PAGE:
A modern transmitter is advertised as being smart and accurate. Sometimes people say that there is no need for calibration at all, because the transmitters are so “smart.” Why then should smart transmitters be calibrated?
First, changing the output protocol of a transmitter does not change the fundamental need for calibration. There are numerous reasons to calibrate instruments initially and periodically. The main reasons are:
- Even the best instruments do drift with time, especially when used in demanding processing conditions.
- Regulatory requirements, such as quality systems, safety systems, environmental systems, and standards
- Economic reasons: any measurement has direct economic effects
- Safety reasons: employee safety as well as customer or patient safety
- To achieve high and consistent product quality and to optimize processes
- Environmental reasons
Field calibrator and communicator
A field calibrator combines a field communicator and an extremely accurate multifunctional process calibrator. Using a field calibrator, the smart transmitter’s input can be generated and measured at the same time the digital output is read. Thus, they can be done simultaneously, and the results can be automatically stored into the field calibrator’s memory for later viewing or uploading to calibration software.
Beamex MC6 field calibrator
For configuration of the smart transmitters, there are universal field calibrators that include a field communicator for HART, WirelessHART, Foundation Fieldbus H1, and Profibus PA protocols. All required electronics are built-in, including power supply and required impedances for the protocols.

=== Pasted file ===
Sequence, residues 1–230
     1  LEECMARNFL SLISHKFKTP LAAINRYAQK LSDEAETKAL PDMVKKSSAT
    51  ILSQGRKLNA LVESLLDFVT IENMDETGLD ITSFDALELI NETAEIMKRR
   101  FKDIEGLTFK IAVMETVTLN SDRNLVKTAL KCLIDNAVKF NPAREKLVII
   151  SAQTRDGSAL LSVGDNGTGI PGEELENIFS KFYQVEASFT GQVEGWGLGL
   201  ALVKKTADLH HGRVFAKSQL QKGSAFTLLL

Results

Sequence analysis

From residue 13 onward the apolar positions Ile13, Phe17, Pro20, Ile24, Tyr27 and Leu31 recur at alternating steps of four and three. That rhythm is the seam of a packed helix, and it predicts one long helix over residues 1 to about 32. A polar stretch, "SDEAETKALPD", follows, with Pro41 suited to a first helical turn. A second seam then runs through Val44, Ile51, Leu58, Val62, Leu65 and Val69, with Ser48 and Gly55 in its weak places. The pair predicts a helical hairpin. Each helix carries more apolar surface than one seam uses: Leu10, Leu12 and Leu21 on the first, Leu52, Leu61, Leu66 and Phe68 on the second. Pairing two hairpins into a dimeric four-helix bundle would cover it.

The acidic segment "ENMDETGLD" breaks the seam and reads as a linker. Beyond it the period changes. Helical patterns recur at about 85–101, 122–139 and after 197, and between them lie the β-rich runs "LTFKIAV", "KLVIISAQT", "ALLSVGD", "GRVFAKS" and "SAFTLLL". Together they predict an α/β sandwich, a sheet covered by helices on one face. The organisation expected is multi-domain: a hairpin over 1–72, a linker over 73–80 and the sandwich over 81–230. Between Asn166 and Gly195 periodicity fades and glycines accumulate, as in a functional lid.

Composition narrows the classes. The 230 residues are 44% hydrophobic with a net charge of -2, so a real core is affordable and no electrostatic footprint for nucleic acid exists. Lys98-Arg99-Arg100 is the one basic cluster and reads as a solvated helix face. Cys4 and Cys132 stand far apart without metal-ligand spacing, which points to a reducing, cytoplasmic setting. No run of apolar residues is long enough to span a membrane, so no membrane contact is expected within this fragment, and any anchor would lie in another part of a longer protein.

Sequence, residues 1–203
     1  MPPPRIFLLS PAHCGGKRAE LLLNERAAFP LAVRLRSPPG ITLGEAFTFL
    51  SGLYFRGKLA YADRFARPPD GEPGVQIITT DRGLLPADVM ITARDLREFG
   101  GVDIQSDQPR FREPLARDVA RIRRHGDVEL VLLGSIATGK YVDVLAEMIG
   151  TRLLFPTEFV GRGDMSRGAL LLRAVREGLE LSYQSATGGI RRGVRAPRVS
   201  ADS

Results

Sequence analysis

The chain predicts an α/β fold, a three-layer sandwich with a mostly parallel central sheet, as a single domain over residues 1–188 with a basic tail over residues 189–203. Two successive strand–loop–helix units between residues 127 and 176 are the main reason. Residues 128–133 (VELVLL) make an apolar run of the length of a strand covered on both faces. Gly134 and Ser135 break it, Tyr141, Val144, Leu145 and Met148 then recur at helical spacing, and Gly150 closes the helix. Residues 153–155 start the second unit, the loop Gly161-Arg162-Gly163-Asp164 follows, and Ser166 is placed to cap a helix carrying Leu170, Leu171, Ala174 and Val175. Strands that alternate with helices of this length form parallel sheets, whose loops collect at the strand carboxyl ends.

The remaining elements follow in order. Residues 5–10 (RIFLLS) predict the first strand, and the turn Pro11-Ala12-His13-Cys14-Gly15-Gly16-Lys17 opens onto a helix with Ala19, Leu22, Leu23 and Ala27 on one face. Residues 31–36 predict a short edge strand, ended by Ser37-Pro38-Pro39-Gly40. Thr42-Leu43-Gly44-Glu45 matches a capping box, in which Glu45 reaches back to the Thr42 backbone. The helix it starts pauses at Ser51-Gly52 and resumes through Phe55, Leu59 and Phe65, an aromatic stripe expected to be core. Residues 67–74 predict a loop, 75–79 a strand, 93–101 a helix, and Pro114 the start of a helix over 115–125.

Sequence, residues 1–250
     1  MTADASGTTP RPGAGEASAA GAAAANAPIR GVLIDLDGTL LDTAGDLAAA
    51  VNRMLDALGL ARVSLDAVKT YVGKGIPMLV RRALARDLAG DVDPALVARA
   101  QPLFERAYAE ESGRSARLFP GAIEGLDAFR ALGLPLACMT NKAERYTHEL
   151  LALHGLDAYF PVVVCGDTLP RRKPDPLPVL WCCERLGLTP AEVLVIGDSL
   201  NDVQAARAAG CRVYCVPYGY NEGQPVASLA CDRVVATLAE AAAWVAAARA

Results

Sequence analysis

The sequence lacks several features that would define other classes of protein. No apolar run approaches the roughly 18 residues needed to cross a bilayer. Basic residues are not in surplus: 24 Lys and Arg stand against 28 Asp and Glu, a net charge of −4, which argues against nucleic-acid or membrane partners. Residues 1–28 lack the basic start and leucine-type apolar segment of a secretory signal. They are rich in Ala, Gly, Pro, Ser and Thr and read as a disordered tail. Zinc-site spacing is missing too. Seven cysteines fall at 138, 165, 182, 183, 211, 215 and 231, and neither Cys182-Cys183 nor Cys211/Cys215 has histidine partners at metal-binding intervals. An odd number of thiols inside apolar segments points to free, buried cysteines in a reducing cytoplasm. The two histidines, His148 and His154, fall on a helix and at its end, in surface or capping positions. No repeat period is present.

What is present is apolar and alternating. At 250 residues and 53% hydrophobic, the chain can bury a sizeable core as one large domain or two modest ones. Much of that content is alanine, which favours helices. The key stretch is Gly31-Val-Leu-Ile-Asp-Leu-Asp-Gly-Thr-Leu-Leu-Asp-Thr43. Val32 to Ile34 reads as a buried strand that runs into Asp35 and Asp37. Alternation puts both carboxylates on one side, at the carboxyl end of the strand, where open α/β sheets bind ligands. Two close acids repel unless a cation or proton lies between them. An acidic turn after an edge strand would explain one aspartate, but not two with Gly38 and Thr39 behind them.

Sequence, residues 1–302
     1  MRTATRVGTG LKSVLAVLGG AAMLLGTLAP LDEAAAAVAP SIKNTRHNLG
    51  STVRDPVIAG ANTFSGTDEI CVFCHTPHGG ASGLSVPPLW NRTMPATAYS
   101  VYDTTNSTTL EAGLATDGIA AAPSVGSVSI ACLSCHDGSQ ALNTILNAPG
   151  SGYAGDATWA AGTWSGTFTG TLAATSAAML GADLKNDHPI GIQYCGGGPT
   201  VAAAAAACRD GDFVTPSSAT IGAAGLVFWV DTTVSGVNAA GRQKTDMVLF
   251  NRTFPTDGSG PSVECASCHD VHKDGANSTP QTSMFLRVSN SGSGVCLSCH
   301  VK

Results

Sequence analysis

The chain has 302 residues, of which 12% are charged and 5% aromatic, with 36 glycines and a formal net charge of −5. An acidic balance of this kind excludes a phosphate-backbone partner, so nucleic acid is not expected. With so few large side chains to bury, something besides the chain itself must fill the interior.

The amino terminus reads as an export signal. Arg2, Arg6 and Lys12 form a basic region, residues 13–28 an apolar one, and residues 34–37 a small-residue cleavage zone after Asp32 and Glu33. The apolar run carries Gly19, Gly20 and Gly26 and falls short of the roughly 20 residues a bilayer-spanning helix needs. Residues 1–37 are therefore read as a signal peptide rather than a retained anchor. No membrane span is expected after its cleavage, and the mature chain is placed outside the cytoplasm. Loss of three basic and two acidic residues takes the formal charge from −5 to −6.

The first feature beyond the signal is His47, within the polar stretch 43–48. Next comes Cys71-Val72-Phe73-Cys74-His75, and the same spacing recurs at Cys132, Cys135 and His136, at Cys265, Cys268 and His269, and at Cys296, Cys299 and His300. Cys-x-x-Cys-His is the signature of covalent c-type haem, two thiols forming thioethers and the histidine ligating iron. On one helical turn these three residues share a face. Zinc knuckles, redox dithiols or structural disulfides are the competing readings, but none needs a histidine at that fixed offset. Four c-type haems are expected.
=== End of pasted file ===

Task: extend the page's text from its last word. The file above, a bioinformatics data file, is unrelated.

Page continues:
While a normal HART communicator can be used to configure and read the HART digital output, it alone cannot be used to calibrate or trim transmitters. You need an additional calibrator for that purpose, which leads to a situation where you need two separate devices, which lack the automatic calibration procedure and documentation.
Let’s take an example of calibrating an Emerson 648 WirelessHART temperature transmitter. The transmitter is configured for resistance temperature detector (RTD) measurement with sensor type Pt100 (Alpha385). Disconnect the RTD sensor, and connect a universal field calibrator to simulate the RTD sensor. Connect the universal field calibrator’s HART terminal to the transmitter’s screw terminals, and configure the universal field calibrator to read the primary variable of the transmitter, which is the digital output. The range to be calibrated is 0°C to 100°C (32°F to 212°F). Configure the universal field calibrator to progress the input signal from 0°C to 100°C (32°F to 212°F) in steps of 25 percent, stepping up and down. Then configure the universal field calibrator to wait 10 seconds in each step to allow the transmitter to stabilize. Of course the transmitter’s damping should be taken into account when deciding the calibration delay. In completing these steps, we have programmed the maximum error tolerance to 0.5 percent of the full scale.
When the connections are complete, calibration can begin. The calibration will go through the required input steps fully automatically, stopping for the delay, and then going on to the next step. Once the calibration is complete, a dialogue box stating whether or not the calibration was successful (pass/fail) will appear. Next, save the calibration into the universal field calibrator’s memory. Later on, upload the calibration results to calibration management software to be saved in the database, and print a calibration certificate if necessary.
If the as-found calibration failed, or you want to trim the transmitter, you can use the universal field calibrator’s HART communication. While trimming, it is possible to simultaneously simulate the required input with the universal field calibrator, so no other device is needed. Once the calibration is complete, run another automatic calibration procedure to perform an as-left calibration.
ABOUT THE AUTHOR
Heikki Laurila (firstname.lastname@example.org) has been employed at the Beamex headquarters in Finland for 25 years. He is the product manager for Beamex hardware products. Beamex (www.beamex.com) is a high-tech company that provides products and services for the calibration of process instrumentation.